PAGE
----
Obama Egypt
By Steve Stoddard Contributor February 21, 2011

Speaking of Nicaraguan dictator Anastasio Somoza in 1939, President Franklin D. Roosevelt allegedly said that “Somoza may be a son of a bitch, but he’s our son of a bitch.” While the quote’s authenticity is still debated by historians, it succinctly describes the United States’ justification for backing right-wing authoritarian regimes even prior to the Cold War.

It also reflects the interest-based realpolitik that drives U.S. foreign policy to this day, particularly in strategically vital areas such as the Middle East. As recent events in the region indicate, though, this time-tested strategy now faces a hard new reality: like the oil many of them control, America’s “sons of bitches” may be a diminishing resource.

Democratization advocates started the New Year with a bang, both figuratively and literally. In a matter of weeks, two well-established and seemingly stable regimes in North Africa were toppled by largely peaceful mass movements. On January 14, Tunisian President Ben Ali was forced out of office, and on February 11, Egyptian President Hosni Mubarak followed suit after weeks of highly publicized protests in Tahrir Square captivated much of the world’s attention.

The untenable position in which the Ben Ali and Mubarak regimes found themselves was largely of their own making, but it also forced the U.S. government to confront a difficult question: Should Washington continue to support an allied regime that had clearly lost the support of its own people, or should it ignore decades of close cooperation by throwing an unpopular ally under the bus?

Each option would have severe and immediate drawbacks. Faced with a choice between alienating the masses fighting for democracy on the streets, or alienating other allied authoritarian regimes whose cooperation has been vital on a range of security, economic, and political concerns, it is not surprising that the Obama administration chose to navigate a course between the two extremes.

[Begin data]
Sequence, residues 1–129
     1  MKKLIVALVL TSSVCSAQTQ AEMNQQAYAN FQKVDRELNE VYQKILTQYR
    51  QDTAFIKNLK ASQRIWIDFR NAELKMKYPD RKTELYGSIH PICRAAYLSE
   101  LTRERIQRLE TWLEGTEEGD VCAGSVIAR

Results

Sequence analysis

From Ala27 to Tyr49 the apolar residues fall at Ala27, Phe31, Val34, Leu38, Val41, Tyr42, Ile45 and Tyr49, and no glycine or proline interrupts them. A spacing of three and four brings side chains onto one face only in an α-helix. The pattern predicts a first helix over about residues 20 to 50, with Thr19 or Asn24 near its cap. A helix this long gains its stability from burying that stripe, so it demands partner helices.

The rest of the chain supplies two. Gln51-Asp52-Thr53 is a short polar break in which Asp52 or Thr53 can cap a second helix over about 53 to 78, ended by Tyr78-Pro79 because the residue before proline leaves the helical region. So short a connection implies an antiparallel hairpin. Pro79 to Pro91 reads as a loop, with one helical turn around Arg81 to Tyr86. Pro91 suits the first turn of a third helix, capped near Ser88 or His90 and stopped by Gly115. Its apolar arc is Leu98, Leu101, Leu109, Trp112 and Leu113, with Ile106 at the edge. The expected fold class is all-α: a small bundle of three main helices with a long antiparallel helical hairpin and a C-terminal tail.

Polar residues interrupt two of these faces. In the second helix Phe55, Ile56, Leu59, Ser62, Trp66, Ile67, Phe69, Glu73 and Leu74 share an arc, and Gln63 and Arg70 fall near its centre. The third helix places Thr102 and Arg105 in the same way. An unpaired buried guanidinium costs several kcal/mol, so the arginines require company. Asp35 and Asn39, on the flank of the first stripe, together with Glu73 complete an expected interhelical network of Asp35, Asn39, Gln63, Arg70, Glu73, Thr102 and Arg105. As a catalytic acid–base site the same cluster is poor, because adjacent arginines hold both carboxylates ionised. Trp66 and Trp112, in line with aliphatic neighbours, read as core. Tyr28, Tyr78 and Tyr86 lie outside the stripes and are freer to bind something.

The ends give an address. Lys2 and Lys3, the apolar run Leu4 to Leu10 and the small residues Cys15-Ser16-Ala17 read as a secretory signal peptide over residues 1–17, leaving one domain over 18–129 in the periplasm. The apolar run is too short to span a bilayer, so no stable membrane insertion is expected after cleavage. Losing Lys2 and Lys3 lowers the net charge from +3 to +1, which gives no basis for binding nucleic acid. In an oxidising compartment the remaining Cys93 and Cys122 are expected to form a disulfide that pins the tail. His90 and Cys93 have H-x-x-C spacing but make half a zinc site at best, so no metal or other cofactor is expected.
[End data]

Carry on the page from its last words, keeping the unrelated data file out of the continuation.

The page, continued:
While the calculated statements, delicate rhetoric, and at times mixed messages that emanated from the White House reflected this inherent tension and the incredibly fluid situation on the ground, it also left the Administration open to a consistent criticism—that the White House was “behind the curve” in Egypt.
While this criticism arose from nearly all sides of the debate, it is not entirely warranted.

To be fair, this scenario has been decades in the making. The strategic importance of the Middle East, particularly its oil reserves, was officially recognized by the Eisenhower Doctrine in 1957. Since then, every U.S. president has accepted the status quo and supported the local strong-men that have collaborated with the U.S. for years.

Although there have been some very high profile failures such as the oil shocks of the 1970s, the Iranian Revolution, and two wars with Saddam Hussein, the policy has largely served America’s core interests of ensuring regional stability and maintaining access to oil. Critics have argued for decades that the policy is unsustainable over the long-term and runs counter to U.S. values, but as long as the desired results were achieved there has been no significant political pressure to change course—at least until now.

It is still too early to call what has happened in North Africa a “turning point”—at least not in the sense that events going forward will be part of an inevitable victory march towards democracy—but regardless of the eventual outcome, the groundswell of political activism sparked by the self immolation of a vegetable cart vendor in Tunisia may finally alter Washington’s strategic calculus.

President Obama made it clear during the crisis that Egypt cannot go back to the way it was, which means he must also recognize the U.S. cannot go back either. The real challenge the President faces now is not how to deal with Egypt per se—it is to understand how the changes (or lack thereof) that Egypt undergoes over the next year will affect the overall strategic balance in the Middle East.

This distinction is important. The White House can be excused for being ‘behind the curve’ of fast-moving events on the ground in a single country. It cannot be excused for misreading the strategic impact those events will have on an entire region, particularly one as vital as the Middle East.

This image is being used under Creative Commons licensing. The original source can be found here.